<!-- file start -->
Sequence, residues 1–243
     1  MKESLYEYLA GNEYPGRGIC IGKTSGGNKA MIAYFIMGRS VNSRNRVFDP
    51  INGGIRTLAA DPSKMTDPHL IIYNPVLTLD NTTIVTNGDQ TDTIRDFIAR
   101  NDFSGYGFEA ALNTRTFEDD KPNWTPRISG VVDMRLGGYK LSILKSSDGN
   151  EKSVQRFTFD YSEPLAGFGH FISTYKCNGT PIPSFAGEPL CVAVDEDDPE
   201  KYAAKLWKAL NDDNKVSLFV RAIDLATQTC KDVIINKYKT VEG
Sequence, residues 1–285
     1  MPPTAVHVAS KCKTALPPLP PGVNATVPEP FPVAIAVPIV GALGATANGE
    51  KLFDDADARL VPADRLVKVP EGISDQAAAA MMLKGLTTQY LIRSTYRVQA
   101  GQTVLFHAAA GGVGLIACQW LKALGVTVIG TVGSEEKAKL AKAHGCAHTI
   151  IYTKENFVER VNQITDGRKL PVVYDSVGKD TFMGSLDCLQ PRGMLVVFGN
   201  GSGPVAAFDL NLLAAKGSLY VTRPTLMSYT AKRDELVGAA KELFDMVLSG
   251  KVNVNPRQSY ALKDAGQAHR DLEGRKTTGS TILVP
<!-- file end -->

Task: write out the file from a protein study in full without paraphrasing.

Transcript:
Sequence, residues 1–243
     1  MKESLYEYLA GNEYPGRGIC IGKTSGGNKA MIAYFIMGRS VNSRNRVFDP
    51  INGGIRTLAA DPSKMTDPHL IIYNPVLTLD NTTIVTNGDQ TDTIRDFIAR
   101  NDFSGYGFEA ALNTRTFEDD KPNWTPRISG VVDMRLGGYK LSILKSSDGN
   151  EKSVQRFTFD YSEPLAGFGH FISTYKCNGT PIPSFAGEPL CVAVDEDDPE
   201  KYAAKLWKAL NDDNKVSLFV RAIDLATQTC KDVIINKYKT VEG
Sequence, residues 1–285
     1  MPPTAVHVAS KCKTALPPLP PGVNATVPEP FPVAIAVPIV GALGATANGE
    51  KLFDDADARL VPADRLVKVP EGISDQAAAA MMLKGLTTQY LIRSTYRVQA
   101  GQTVLFHAAA GGVGLIACQW LKALGVTVIG TVGSEEKAKL AKAHGCAHTI
   151  IYTKENFVER VNQITDGRKL PVVYDSVGKD TFMGSLDCLQ PRGMLVVFGN
   201  GSGPVAAFDL NLLAAKGSLY VTRPTLMSYT AKRDELVGAA KELFDMVLSG
   251  KVNVNPRQSY ALKDAGQAHR DLEGRKTTGS TILVP